Peach salsa is one of the best-selling salsa flavors. But if you like to make your own salsa, summer peach season is a ways off. Mangoes are a delicious replacement; but how about apple salsa? Crisp apples provide some crunch in the salsa, and apple salsa is delicious with pork dishes and chicken dishes. Try this recipe, courtesy of the U.S. Apple Association. We also added julienned apple slices into the green salad we served on the side.
If you don’t want to use pork, substitute steak or chicken.
August 18th is National Fajita Day.
> The history of fajitas is below.
Yield: 4 servings, 2 fajitas each.
Prep & Cook Time: 2 hours 15 minutes (includes chilling and marinating time).
Apple Salsa Ingredients (2-1/2 Cups)
Combine in a small bowl and mix well:
1. Combine. Place all salsa ingredients in a bowl and mix well. Cover and refrigerate for several hours to meld flavors.
2. Marinate. Place pork in a large sealable plastic bag and pour in the marinade. Cover and refrigerate for 1-1/2 hours or more, turning occasionally.
3. Preheat grill. Drain marinated pork, saving excess marinade. Place pork on the grill and brush with leftover marinade. Grill over hot coals, turning frequently, for 8-10 minutes, until an internal thermometer reads 155-160°F. Remove from heat and place on a clean plate.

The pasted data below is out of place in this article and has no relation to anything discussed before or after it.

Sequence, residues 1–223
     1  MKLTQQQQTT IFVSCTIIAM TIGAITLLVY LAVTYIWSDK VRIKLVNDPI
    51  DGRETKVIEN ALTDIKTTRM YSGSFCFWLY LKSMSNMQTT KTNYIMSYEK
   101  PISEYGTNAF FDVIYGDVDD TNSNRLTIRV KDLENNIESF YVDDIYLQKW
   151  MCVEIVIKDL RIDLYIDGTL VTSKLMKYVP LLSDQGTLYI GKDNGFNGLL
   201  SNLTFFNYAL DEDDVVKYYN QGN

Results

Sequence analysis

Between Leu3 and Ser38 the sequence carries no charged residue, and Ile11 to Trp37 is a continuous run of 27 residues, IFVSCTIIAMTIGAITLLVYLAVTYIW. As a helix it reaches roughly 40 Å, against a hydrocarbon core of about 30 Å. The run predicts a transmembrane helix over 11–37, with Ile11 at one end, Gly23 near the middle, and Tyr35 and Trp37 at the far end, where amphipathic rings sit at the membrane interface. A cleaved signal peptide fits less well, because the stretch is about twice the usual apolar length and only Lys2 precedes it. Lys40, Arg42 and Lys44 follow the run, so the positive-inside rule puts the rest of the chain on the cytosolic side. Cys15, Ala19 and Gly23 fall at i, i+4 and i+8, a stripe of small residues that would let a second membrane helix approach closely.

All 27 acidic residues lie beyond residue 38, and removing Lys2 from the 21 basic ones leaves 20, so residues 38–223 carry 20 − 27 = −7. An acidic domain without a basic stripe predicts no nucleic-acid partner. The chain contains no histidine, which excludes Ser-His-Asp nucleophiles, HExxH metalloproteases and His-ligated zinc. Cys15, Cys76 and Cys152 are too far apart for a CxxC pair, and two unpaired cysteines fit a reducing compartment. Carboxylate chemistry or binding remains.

4. Warm. Wrap tortillas tightly in foil and heat on upper grill rack for 10 minutes.
5. Assemble. Cut pork diagonally across grain into thin slices. Arrange one-eighth of pork slices and 2 or 3 tablespoons salsa in the center of the tortilla. Fold the bottom half of the tortilla over filling and overlap sides on top. Arrange on serving plate. Garnish as desired.
Serve with a side of brown rice and beans.
THE HISTORY OF FAJITAS
A popular Tex-Mex dish, fajitas were created at the end of the 1930s and beginning of the 1940s, by Mexican ranch workers in south and west Texas. During cattle roundups, animals were butchered regularly to feed the hands. Throwaway items such as the hide, the head, the entrails, and meat trimmings such as the skirt were given to the Mexican cowboys (called vaqueros) as part of their pay.
Hearty border dishes were created by the chuck wagon cooks: barbacoa de cabeza (head barbecue), menudo (tripe stew), and fajitas or arracheras (grilled skirt steak). Given the limited number of skirts per carcass, the cut was not available commercially.
Thus, fajitas on the grill remained regional and relatively obscure for many years, likely familiar only to the vaqueros, local butchers, and their families [source]. These are just two narrow skirts per cow, about 20 to 24 inches long and three to four inches wide once they’ve been trimmed [source].
The word fajita has its origin in the Spanish “faja,” girdle. It referred to the little strips of meat cut from the beef skirt steak.
The dish has evolved to include not just skirt steak but sirloin, chicken, seafood, and later, grilled vegetable Fajitas. It became a backyard and campfire staple, and ended up on Tex/Mex restaurant menus in the 1960s.
At restaurants it is typically served on a sizzling hot metal plate with grilled bell peppers and onions.
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